This February 2020 video says about itself, translated:
Fjord (Norway’s Magical Fjords) – trailer
The Norwegian fjords are one of the most impressive regions in Europe. A surprisingly rich underwater world lurks in the deep, cold waters: from vast coral reefs full of luminescent sea creatures to herring-hunting killer whales and humpback whales. Award-winning nature filmmaker Jan Haft reveals the special diversity hidden in the dark water and shows underwater behaviour that has never been seen before. Fjord is an intimate portrait of a unique wilderness.
On 13 June 2020, I went to see this film about northern Norway. Most chairs in the cinema were kept empty, to make spatial distancing against the coronavirus possible.
This beautiful film shows the importance of the billions of herring wintering in the fjords for the food chain. Killer whales attack them: then, dead herring drift upwards as food for herring gulls. Other dead herring sink to the bottom, as food for seastars, crabs, lantern shanks and flatfish.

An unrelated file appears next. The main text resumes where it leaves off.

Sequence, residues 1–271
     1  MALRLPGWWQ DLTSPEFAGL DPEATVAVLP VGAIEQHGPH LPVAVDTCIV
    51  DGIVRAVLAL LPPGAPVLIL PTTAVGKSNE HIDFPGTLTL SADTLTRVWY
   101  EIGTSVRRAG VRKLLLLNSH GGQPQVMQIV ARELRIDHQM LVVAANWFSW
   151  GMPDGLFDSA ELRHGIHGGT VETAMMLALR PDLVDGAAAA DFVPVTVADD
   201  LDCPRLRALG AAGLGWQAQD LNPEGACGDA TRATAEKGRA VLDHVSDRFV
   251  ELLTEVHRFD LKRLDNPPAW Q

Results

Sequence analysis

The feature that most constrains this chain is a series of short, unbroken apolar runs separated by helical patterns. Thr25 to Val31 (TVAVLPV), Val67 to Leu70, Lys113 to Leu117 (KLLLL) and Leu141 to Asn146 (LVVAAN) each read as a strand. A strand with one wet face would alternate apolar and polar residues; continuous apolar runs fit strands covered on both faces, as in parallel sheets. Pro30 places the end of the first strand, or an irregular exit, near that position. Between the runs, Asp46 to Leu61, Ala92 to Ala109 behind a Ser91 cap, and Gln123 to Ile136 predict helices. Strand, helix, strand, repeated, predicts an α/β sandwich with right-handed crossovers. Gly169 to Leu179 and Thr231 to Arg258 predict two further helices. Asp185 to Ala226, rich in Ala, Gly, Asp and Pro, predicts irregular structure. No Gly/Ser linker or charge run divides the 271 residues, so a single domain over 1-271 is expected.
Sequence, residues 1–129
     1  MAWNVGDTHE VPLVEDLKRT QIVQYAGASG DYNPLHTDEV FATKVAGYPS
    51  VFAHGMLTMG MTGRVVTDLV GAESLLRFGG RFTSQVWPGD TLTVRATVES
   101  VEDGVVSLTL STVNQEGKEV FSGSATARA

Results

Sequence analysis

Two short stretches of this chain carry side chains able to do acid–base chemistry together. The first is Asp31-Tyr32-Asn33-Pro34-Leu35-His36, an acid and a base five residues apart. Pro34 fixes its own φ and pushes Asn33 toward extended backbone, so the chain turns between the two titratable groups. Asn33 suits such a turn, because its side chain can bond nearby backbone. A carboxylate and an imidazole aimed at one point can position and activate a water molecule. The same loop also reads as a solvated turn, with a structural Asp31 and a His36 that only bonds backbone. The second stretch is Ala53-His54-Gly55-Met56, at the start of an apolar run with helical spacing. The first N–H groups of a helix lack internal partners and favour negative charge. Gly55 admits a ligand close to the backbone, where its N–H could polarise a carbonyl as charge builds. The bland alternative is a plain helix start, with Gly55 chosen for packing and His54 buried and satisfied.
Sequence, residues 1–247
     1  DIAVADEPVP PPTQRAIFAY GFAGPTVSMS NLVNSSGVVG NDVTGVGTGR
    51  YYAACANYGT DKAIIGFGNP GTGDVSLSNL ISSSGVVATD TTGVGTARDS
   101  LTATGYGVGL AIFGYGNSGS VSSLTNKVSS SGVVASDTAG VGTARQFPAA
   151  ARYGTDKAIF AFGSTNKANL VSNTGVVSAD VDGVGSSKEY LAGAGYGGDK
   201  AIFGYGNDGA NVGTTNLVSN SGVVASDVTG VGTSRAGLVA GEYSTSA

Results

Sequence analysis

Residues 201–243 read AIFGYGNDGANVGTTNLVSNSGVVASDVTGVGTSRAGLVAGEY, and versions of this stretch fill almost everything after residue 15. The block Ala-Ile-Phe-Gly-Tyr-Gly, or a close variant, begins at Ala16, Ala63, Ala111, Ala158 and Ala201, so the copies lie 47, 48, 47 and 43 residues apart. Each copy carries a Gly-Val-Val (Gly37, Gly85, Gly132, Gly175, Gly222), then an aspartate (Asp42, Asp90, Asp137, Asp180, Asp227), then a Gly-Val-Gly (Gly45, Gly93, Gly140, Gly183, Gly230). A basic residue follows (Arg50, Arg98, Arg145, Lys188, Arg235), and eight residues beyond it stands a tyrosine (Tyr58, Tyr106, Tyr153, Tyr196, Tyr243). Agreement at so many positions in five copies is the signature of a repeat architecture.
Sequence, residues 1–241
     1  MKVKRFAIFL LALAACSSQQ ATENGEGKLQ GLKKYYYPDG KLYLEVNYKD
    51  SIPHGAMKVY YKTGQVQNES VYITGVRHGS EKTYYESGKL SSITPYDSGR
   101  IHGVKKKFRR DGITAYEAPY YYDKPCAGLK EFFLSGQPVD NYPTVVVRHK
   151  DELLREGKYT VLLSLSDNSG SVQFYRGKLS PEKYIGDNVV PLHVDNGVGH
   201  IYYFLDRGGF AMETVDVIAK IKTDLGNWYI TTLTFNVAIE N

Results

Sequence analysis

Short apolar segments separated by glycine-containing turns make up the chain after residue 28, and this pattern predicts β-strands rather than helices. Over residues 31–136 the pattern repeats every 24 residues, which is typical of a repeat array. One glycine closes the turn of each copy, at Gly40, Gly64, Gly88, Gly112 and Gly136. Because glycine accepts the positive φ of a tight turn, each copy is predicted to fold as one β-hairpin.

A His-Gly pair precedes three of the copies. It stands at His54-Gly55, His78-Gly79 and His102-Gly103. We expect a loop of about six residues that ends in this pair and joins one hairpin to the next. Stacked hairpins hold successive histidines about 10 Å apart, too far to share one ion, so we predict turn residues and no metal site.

Apart from humpbacks and orcas, the film mentions a third cetacean species: harbour porpoises. Unfortunately and unnecessarily, the film says, each year 10,000 porpoises die as bycatch in fishing nets in Norway.
In winter, the fjords are mostly frozen, stopping much sunlight from shining underwater. That attracts a deep-sea species which cannot stand much light: Periphylla periphylla, the helmet jellyfish.
The film also pays attention to wildlife in the mountains around the fjords. Like Megabunus diadema, a harvestman species. And bird species: capercaillie, bluethroat and ruff.